Wednesday April 27, 2005 - 11:18:42 GMT
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Chinese banks and yuan "revaluation"?
“The individual entrepreneur, when faced with the credit stringency of the crisis, is right in regretting that he has expended too much for an expansion of his plant and for the purchase of durable equipment; he would have been in a better situation if the funds used for these purposes were still at his disposal for the current conduct of business. However, raw materials, primary commodities, half-finished manufactures and foodstuffs are not lacking at the turning point at which the upswing turns into the depression. On the contrary, the crisis is precisely characterized by the fact that these goods are offered in such quantities as to make their prices drop sharply.
Ludwig von Mises, Human Action
My father-in-law is a world-class executive. He used to travel frequently to visit customers across the globe. (He has given all that up to sit on the beach, sip red wine, lavish attention on his grandchildren, and conquer the stock market through his online trading account.) Over the years, when I saw him after he returned from some far-off place, I would ask, “Dad, how was your trip?” His standard answer was: “Pretty good. Takeoffs equaled landings.” That answer does have a way of summing it up nicely. For the Chinese economy, we have takeoff, but not yet a successful landing.
I noticed this in the Economist over the weekend regarding Chinese banks—another concern to add to the list of banking problems brewing beneath the surface [my emphasis]:
“The banks' old bad debts are worrying enough. But potential investors should probably be more concerned about what has yet to appear in the books. Between the start of 2001 and early 2004, China went on an almighty credit binge. Bank lending jumped by 56% in 2003 alone, as the government first tried to shore up growth and then lost control of a racing economy before trying to rein it in last spring. At the state's behest, banks lent enormous sums for new factories, roads and airports, many of which will never make money.
“A tenth of all outstanding bank loans, or around 2 trillion yuan ($242 billion), is now owed by consumers. Mortgages, which account for 90% of this, grew at an annual compound rate of 115% between 1998 and 2004, according to KGI, a securities firm. Last year, they rose by 38%, against just 6% for corporate loans (see chart). Banks have been delighted to grant home loans because they carry only a 50% weighting in the calculation of risk-weighted assets—a tribute to the perceived safety of mortgages.”
Is it any wonder why Beijing is growing increasingly concerned about the real estate market (a la the push for capital gains taxes in the story from The Standard sited above)?
And this is supposed to be a banking system with the efficiency to deal with a market-based currency system? Maybe the Chinese officials know something we don’t know. Here’s one guess: If they allow the yuan to float i.e. free capital controls, the domestic Chinese savers decide that maybe Citigroup, or Bank of America, or Barclays represent a safer place to store their savings than China Minsheng Bank or any other of the debt laden state-extension institutions that pretend they are commercial banks.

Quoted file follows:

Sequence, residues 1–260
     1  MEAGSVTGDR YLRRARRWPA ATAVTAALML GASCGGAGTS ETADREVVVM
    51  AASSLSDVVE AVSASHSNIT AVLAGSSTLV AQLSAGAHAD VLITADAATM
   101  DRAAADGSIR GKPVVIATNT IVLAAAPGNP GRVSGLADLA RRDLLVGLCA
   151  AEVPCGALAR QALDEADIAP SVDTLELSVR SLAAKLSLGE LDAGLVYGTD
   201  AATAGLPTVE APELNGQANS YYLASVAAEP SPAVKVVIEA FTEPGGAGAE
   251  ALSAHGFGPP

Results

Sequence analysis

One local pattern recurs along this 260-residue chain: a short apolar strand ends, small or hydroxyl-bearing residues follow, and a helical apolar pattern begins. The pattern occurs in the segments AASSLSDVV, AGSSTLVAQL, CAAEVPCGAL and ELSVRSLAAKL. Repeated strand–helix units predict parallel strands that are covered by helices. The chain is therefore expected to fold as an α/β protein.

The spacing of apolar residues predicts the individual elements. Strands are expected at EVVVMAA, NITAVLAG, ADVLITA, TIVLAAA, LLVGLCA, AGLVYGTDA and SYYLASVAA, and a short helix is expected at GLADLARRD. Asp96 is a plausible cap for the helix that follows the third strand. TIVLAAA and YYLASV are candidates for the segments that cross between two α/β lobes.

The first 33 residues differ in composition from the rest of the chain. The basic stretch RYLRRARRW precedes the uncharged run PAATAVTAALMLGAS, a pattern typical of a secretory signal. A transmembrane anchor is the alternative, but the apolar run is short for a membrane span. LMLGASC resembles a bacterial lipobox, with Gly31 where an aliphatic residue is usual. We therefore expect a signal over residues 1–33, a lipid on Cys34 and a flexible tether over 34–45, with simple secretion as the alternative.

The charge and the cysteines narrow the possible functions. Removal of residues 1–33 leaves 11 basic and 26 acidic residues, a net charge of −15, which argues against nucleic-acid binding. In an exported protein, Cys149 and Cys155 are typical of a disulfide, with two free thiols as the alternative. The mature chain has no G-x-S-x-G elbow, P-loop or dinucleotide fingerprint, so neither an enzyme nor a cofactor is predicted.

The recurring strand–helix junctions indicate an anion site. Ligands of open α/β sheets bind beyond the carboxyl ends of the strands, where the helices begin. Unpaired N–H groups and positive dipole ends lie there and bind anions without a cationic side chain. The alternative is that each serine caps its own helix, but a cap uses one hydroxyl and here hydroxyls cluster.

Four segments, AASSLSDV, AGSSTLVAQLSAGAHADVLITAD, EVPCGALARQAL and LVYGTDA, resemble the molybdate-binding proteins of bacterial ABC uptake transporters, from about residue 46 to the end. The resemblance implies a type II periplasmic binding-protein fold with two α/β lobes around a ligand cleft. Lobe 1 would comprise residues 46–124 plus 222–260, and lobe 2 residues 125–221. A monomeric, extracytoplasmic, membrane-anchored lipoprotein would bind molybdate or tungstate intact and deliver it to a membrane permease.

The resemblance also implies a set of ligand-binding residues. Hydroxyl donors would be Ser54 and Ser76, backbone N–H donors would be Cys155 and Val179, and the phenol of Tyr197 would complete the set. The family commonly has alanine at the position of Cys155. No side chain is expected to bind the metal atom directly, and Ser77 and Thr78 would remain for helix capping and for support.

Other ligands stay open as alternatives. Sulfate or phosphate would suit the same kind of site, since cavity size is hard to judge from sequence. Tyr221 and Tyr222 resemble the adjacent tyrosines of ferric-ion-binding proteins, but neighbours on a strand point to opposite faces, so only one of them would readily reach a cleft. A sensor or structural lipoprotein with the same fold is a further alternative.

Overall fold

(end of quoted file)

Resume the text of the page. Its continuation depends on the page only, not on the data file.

Now add to this the fact that domestic Chinese companies are borrowing funds from international banks in significant numbers, for the first time according to Startfor.com. That means Chinese firms are for the first time exposed to the vagaries of real lending institutions that expect to be paid back—even if interest rates move higher. And even if the thin margin in which these firms operate in China were for some reason to disappear, these international banks will still have the gall to expect loan repayment—unlike the nice people funneling money through the Chinese state-extension institutions.
And this excerpt from a recent Mr. Stephen Roach missive, economist extraordinaire at Morgan Stanley: “The co-dependent relationship between the US and Chinese economies is about to take a new twist. As the US Federal Reserve finally gets serious about monetary tightening, an export-led Chinese economy could come under pressure. China can ill afford to ignore this risk.
“But new flaws are starting to show up in China’s policy strategy. The currency peg constrains Chinese authorities from using traditional monetary policies for macro stabilization. Rather than adjust interest rates to control the price of credit, administrative measures are used to control the quantity of credit, as occurred last spring and seems to be occurring again.
“However, because of the renminbi peg and its linkage to a still-accommodative Fed, China continues to receive large speculative capital inflows, which may well overwhelm the impacts of administrative tightening measures.”
Rock on Chinese financial bubble! Don’t worry about the hissing sound you hear in the background—that’s just the Fed letting some much needed air escape from the global asset balloon. And we all know how easy it is to land a balloon—don’t we!
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